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Tuesday, April 16, 2024
Gators guard Kristina Moore was energetic at Sunday’s game against Georgia, making 11 points. Photo courtesy of the SEC Media Portal.
Gators guard Kristina Moore was energetic at Sunday’s game against Georgia, making 11 points. Photo courtesy of the SEC Media Portal.

Until the third quarter, Florida looked like it had a shot beating the Georgia Bulldogs.

The players were energized and aggressive. Buckets from Gators guards Kiara Smith, Kristina Moore, Lavender Briggs and Nina Rickards gave Florida the lead for the first quarter. Florida kept Georgia on its toes during the second quarter, with the lead see-sawing until tipping in favor of the Bulldogs.

It looked possible — until it didn’t. So what led to Florida losing 68-58?

For Coach Cam Newbauer, a major obstacle was foul trouble, especially for his star player.

 Briggs, the Gators’ top and SEC’s seventh scorer, picked up her third personal foul late into the second quarter. But aside from foul trouble, she didn’t perform like she usually does. The 6-feet-1-inch sophomore, averages 18.5 points per game and scored 25 points against Mississippi State. In Athens, she slightly underperformed Sunday, scoring 16 points. 

Smith, who averages 15.2 points per game, finished with just 13 points Sunday. She made about 41.6% of field goals and no three pointers. With two top scorers struggling, the lack of buckets from forward Faith Dut deprived Florida’s strained offense.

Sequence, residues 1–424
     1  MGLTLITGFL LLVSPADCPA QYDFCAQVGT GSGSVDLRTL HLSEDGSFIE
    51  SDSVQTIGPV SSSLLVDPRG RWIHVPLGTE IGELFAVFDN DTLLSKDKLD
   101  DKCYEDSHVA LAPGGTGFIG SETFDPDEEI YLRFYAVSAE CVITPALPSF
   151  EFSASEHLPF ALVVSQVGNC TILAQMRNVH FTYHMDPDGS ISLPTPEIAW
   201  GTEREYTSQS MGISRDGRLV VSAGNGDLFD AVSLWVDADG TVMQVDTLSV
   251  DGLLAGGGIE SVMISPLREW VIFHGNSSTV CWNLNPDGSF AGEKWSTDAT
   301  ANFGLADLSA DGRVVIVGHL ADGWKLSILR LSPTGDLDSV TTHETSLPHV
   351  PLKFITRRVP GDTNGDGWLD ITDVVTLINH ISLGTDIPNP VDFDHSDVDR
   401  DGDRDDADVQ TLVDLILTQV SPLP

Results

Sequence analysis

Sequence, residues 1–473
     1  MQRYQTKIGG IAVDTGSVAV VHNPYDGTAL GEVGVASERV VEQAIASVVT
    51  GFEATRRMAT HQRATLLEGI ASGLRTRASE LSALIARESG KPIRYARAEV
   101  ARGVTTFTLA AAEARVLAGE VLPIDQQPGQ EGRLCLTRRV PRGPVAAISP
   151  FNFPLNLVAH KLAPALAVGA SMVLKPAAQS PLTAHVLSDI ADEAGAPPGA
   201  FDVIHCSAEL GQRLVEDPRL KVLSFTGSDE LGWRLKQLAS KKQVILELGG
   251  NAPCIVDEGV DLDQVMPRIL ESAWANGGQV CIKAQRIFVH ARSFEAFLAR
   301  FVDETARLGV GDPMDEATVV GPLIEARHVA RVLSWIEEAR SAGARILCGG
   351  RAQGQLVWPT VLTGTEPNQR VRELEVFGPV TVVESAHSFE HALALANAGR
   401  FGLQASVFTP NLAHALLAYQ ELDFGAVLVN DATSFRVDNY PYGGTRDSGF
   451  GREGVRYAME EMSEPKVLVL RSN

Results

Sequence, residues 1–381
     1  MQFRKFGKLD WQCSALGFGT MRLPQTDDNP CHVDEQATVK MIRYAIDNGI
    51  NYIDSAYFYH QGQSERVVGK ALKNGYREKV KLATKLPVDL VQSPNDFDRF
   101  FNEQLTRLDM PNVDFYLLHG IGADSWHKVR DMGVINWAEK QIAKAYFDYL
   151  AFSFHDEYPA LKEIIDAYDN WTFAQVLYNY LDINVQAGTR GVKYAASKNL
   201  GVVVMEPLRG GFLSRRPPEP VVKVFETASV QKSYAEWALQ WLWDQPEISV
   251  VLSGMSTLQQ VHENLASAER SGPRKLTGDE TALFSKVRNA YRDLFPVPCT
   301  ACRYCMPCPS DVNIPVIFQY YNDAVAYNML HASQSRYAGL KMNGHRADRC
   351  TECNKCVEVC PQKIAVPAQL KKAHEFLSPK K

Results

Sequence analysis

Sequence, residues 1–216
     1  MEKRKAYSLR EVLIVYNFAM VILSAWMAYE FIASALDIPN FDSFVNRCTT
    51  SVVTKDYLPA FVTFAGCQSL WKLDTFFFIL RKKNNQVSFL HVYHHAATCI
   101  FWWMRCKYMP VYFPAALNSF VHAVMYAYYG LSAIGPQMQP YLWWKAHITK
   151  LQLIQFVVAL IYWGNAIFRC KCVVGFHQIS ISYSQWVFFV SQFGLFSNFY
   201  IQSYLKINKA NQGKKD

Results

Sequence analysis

The 6-feet-4-inch sophomore was missing in action until her only bucket during the final quarter. Dut’s poor form on Sunday contrasted greatly with her performance last time out, where she hit double-figures.  

Moore had an unusual afternoon, making 11 points after only four against MS State. But her strong game wasn’t enough to catalyze Florida’s offense. 

After two turnovers led to early buckets, Georgia adjusted to the Gators’ defense like during the game against MS State. Assists were also a weak area for Florida, with UF only dishing out eight compared to Georgia’s 20. 

Another factor to consider was Georgia’s go-to weapon: center Jenna Stati. The redshirt senior scored 17 points and leads the SEC in blocks. She scored about 53.8% of her shots compared to 43.75% of Briggs’.

Both teams took about the same amount of shots, but the Bulldogs were more efficient, scoring about 42.42% of field goals and 40% of three pointers. The percentages for the Gators: 39.3% and 25%.

Holding Georgia to 42% shooting is still an admirable defensive feat, as Newbauer highlighted the team’s strong defense and aggressive energy. 

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Florida's dream of killing its seven loss streak with Georgia died after a careless pass gave the Bulldogs the ball during the last critical minutes, another Achilles heel Newbauer cited.

Contact Grethel Aguila at and follow her on Twitter @GrethelAguila

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